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King County poised to join local communities that support tobacco-free policies in busiest areas of parks
King County would join a growing list of local parks, hospitals and schools with policies for tobacco-free areas under a proposed ordinance sent last week to the King County Council to prohibit tobacco use in the busiest areas of the County's expansive parks system.
"When people come to a public park, they expect to breathe fresh air – not someone else's cigarettes," said King County Executive Dow Constantine, citing a survey of county residents in which more than 70 percent said they support smoke-free public places, including parks.
The proposed ordinance would mean visitors to County parks could no longer use tobacco in heavily-used park areas such as children's playgrounds, athletic fields, picnic shelters and trailheads.
Compliance would be voluntary, much like for littering, failure to keep a dog on a leash, or alcohol use in a park; enforcement would occur only when problems are reported. A federal grant will pay for signs denoting tobacco-free areas.
Council adoption of the ordinance would align King County with 11 local governments representing more than 1 million residents that have already adopted rules prohibiting or limiting tobacco use in parks. They include Auburn, Black Diamond, Bothell, Burien, Covington, Kirkland, Mercer Island, Seattle, Shoreline, Snoqualmie, and the Vashon Park District.
In Washington state, more than 45 cities in 15 counties have smoke-free parks policies, including Tacoma Metro Parks in Pierce County, and Marysville and Lake Stevens in Snohomish County.
A universal "tobacco-free parks" sign has been created for jurisdictions to post in their parks. Each jurisdiction that has adopted or plans to adopt a tobacco- or smoke-free policy will have the opportunity to post this sign as part of the regional partnership for tobacco-free parks. Tobacco-free efforts by local cities and King County are supported by Communities Putting Prevention to Work (CPPW), a federal grant to address obesity and tobacco use.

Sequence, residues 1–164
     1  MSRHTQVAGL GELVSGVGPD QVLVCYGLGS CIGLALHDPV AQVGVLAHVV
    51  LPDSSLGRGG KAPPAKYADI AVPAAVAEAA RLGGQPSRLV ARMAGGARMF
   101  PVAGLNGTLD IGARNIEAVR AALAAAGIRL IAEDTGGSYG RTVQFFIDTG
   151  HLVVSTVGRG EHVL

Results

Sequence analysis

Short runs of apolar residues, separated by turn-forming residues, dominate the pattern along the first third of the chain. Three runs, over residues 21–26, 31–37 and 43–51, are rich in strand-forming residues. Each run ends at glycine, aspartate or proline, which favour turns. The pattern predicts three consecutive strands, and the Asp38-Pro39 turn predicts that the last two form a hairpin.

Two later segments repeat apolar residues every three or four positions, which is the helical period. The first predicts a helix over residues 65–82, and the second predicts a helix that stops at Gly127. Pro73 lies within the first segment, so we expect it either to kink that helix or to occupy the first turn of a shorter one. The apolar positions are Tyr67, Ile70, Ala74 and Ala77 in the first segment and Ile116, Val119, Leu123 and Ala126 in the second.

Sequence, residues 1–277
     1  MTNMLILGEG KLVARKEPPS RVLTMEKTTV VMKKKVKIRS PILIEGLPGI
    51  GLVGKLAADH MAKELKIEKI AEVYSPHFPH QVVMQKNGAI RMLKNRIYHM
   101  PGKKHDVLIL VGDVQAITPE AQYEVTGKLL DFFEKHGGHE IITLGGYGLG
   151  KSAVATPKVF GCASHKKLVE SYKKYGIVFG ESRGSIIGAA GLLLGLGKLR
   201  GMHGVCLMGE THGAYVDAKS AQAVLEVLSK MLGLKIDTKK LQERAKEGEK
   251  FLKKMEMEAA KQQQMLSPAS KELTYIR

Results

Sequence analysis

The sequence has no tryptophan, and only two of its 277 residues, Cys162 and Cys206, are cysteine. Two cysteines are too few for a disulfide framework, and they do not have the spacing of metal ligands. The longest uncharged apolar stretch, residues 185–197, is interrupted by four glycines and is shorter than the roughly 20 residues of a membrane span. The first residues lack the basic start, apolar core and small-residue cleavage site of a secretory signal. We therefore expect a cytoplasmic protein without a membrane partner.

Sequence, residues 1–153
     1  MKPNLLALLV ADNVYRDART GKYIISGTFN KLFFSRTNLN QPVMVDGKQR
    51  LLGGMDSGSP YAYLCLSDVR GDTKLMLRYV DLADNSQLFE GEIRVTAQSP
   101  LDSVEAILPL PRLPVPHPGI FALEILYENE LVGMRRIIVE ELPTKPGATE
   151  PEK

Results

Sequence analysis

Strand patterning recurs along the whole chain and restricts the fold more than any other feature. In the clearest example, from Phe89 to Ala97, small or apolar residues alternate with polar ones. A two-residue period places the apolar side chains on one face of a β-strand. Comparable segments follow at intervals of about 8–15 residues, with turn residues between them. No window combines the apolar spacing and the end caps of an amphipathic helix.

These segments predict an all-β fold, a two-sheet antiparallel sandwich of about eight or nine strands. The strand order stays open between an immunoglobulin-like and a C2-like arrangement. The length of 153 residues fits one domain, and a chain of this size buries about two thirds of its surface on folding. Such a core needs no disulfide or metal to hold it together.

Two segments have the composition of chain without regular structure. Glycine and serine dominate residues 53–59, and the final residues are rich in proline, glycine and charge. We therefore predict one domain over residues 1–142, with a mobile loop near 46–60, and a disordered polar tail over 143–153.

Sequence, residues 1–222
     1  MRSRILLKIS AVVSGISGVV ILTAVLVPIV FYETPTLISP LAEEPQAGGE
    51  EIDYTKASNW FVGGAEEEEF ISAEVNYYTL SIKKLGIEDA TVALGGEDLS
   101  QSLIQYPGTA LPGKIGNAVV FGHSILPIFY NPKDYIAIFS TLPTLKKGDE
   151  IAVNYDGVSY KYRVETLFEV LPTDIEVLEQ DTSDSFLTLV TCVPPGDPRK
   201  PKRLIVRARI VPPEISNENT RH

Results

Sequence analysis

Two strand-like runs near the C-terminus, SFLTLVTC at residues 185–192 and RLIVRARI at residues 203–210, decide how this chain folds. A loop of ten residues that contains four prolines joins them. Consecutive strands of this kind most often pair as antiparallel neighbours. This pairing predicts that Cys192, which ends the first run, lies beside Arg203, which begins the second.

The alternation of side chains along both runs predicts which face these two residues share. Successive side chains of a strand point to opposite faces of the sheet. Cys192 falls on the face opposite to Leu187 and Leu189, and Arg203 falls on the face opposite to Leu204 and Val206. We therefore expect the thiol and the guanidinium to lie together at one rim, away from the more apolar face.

Tobacco-free parks are part of a broad movement to create healthy and smoke-free areas, especially for kids and the most vulnerable. In recent months many hospitals, housing providers, and mental health and chemical dependency centers have also gone smoke-free.
In King County alone, tobacco causes almost 2,000 premature deaths and costs over $340 million in medical expenses and lost wages each year. In addition to the health effects, cigarette butts can account for up to 70 percent of litter in public places. Cigarette butts can take up to 15 years to decompose, leaching chemicals into the soil and posing harm to small children and pets if ingested.
"The City of Auburn is committed to creating a healthy community," said Mayor Pete Lewis. "The Tobacco-free Park Policy is intended to assist recreational organizations and parents in their efforts to recreate in a tobacco-free environment. It is important that we recognize the effects of first and second-hand smoke and discourage tobacco usage at places where youth are gathered and healthy lifestyle activities are available."